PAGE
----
WASHINGTON — The CPB Board asked management Tuesday to explore an overhaul of its formula for providing TV Community Service Grants in the wake of an FCC spectrum auction that earned millions of dollars for just a few dozen stations.
Several directors made the request after hearing an informational overview of the TV CSG formula at a CPB Board meeting. The CSG, CPB’s foundational grant for stations, is calculated from a base grant amount and how much nonfederal financial support a station raises annually. Stations can also earn additional incentive grants by participating in joint master controls or sharing management executives. CPB’s board approved the latest TV CSG policy in April 2016 after a panel of station executives worked for 18 months on the update.
Vice Chair Bruce Ramer suggested starting with “a blank slate” on a new way to figure CSG support to try to bridge the gap between financially struggling stations and others that earned millions in the recent FCC spectrum auction. The auction, which concluded in April, paid $1.9 billion to 34 public TV licensees.
Ramer and director Howard Husock expressed concerns about how spectrum cash going to a limited number of licensees could adversely affect a system in which many TV stations are financially struggling.
“This issue should be our meat as a board,” Husock said. “We should try as much as possible to close the gap between rich and poor stations.”
CPB President Pat Harrison suggested that the policy “was so byzantine that trying to do this in 20 minutes is not serving the system well.” She suggested “a more full discussion” including station input.
Ted Krichels, CPB SVP for system development, predicted that “if we were to do something significant, we’d get pushback” from stations. “That doesn’t mean we shouldn’t do it. But we should do this with deliberation.”
Krichels proposed seeking “external expertise without any bias” to develop several possible approaches. “I think this is the right discussion to be having at this time,” he said, “but it may be painful.”
Some stations that participated in the auction opted to relinquish spectrum and share channels with other local stations. Director Elizabeth Sembler asked if those agreements affected CSGs.
“We wanted to allow for that flexibility” in the latest policy, Krichels said. “We did not put into the policy that if a station was channel-sharing with another public station it would get less of a grant. We did say we may review this later.”
Also at the meeting, the board got an update on the spectrum repack. Consulting engineer Dennis Wallace of Meintel, Sgrignoli & Wallace said 149 public TV stations would be moving channels during the repack.
Although most stations face costs of new antennas or transmitters, some will need to replace entire towers “if the towers aren’t capable of holding the new load,” Wallace said. New structural standards for towers complicate that work. In Florida, for instance, new towers need to withstand hurricane-force winds.
Some public TV towers were built in the 1970s and have been modified over the years, Wallace said. “Now some just can’t be modified anymore,” Wallace said. Some stations could lose tower-lease revenues during the repack as a result of having to eliminate antennas in order to comply with the new structural standards, he said.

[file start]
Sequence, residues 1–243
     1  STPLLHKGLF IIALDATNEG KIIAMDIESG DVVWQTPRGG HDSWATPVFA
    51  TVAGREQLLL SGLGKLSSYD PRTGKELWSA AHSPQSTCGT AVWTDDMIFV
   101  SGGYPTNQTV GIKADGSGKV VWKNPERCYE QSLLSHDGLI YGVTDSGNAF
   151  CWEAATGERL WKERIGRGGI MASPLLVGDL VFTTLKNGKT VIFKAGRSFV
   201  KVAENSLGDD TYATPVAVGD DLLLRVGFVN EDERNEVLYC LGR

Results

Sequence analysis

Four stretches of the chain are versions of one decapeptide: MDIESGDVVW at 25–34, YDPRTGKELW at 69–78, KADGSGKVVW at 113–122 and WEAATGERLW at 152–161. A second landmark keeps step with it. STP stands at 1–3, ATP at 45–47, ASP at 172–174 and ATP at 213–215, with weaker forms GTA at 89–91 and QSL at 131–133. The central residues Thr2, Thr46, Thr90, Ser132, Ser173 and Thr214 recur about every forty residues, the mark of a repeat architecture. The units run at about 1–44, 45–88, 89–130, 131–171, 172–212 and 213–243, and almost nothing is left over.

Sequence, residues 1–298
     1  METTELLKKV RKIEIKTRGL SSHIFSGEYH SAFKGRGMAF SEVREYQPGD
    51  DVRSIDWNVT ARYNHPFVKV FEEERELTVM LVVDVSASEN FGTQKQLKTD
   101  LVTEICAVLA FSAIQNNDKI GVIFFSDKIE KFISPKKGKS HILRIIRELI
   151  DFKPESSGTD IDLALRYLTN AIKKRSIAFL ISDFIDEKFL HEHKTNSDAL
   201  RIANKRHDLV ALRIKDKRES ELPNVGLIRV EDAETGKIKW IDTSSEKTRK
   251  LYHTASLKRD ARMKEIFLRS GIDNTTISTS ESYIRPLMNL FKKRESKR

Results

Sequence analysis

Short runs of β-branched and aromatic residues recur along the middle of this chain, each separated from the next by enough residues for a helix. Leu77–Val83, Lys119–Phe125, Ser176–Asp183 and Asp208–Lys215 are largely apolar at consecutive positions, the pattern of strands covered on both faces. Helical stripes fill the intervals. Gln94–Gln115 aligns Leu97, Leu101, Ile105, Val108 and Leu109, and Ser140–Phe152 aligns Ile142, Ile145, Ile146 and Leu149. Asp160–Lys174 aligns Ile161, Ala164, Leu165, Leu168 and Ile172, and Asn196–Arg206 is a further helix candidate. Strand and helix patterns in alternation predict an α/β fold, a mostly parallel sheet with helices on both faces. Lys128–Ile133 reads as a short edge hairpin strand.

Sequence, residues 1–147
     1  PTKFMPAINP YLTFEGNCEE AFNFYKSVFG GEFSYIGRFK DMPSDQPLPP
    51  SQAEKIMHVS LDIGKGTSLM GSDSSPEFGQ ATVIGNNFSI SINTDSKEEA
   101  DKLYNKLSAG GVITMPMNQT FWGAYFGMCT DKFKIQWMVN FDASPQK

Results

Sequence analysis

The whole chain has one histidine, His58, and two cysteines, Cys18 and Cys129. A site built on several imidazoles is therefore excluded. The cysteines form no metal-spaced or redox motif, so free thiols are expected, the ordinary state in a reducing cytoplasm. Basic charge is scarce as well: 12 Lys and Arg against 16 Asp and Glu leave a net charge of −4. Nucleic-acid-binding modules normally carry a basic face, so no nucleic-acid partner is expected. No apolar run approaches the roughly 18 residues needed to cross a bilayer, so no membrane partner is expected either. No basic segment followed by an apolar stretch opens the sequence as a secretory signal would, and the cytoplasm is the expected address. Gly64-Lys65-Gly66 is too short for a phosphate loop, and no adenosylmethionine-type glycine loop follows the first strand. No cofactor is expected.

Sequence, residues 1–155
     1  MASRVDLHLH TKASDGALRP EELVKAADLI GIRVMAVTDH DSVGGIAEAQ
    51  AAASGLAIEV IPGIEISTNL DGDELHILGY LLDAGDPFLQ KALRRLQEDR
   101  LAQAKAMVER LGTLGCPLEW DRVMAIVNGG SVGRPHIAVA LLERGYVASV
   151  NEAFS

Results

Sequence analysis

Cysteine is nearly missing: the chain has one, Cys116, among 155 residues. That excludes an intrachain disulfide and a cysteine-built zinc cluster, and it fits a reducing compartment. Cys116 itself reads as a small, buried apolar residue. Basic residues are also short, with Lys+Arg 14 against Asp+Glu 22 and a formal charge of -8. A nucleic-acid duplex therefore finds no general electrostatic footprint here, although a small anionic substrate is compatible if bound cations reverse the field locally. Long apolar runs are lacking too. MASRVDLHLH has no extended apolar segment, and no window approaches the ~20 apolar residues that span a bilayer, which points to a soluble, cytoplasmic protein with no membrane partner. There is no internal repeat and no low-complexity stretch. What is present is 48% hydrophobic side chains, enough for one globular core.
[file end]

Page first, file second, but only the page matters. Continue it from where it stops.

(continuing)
Looking at all the necessary work, Wallace predicted a potential systemwide deficit for repack costs of $54.8 million. He noted that bills in the House and Senate address the shortfall.
However, those bills would only authorize funding and would still need to go through the appropriations process, said Anne Brachman, CPB SVP of government affairs. Brachman said that after conversations on the Hill, she anticipates any funding would come through the fiscal year 2019 appropriations process.
In other news, the board voted Monday to move into executive session to discuss and vote on endorsing CPB’s FY18–20 business plan. The annual plan lays out priorities for CPB discretionary spending.
Husock opposed closing the discussion and vote.
Chair Lori Gilbert said the change was necessary to allow board members to discuss “program production and other confidential information.”
Husock said he intended to “retain his prerogative as a board member to explain my vote to the public.”
“I thank you for your concern,” Gilbert told Husock.
After voting against moving into executive session, Husock said: “I just think it’s worth noting that I had indicated my intention to make comments in public, and I feel as if there were an agenda to keep those comments private. That concerns me, and that should concern the public.”
Husock, a VP at the conservative Manhattan Institute, has publicly criticized federal funding for public broadcasting over the past several months.
Husock later told Current that he wanted to remain in public session “to stress the importance of measuring the demographic and geographic reach of the programming which CPB supports. To be a truly national programming service, it’s crucial to reach a cross-section of the American public. So, I’m pushing for reporting to the board along those lines.”
At the meeting the board also re-elected Gilbert as chair and Ramer as vice chair.